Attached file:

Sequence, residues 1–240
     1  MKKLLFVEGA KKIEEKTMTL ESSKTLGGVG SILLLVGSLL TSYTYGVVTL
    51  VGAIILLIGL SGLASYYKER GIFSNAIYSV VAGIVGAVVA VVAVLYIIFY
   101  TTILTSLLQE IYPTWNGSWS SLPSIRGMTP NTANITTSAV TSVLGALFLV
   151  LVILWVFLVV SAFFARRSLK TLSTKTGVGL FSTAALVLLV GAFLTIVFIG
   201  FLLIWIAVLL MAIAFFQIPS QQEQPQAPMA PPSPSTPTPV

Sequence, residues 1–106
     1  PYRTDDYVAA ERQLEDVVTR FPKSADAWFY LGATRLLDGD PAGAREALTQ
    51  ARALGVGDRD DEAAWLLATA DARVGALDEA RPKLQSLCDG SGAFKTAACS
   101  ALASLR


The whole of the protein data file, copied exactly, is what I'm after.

Sequence, residues 1–240
     1  MKKLLFVEGA KKIEEKTMTL ESSKTLGGVG SILLLVGSLL TSYTYGVVTL
    51  VGAIILLIGL SGLASYYKER GIFSNAIYSV VAGIVGAVVA VVAVLYIIFY
   101  TTILTSLLQE IYPTWNGSWS SLPSIRGMTP NTANITTSAV TSVLGALFLV
   151  LVILWVFLVV SAFFARRSLK TLSTKTGVGL FSTAALVLLV GAFLTIVFIG
   201  FLLIWIAVLL MAIAFFQIPS QQEQPQAPMA PPSPSTPTPV

Sequence, residues 1–106
     1  PYRTDDYVAA ERQLEDVVTR FPKSADAWFY LGATRLLDGD PAGAREALTQ
    51  ARALGVGDRD DEAAWLLATA DARVGALDEA RPKLQSLCDG SGAFKTAACS
   101  ALASLR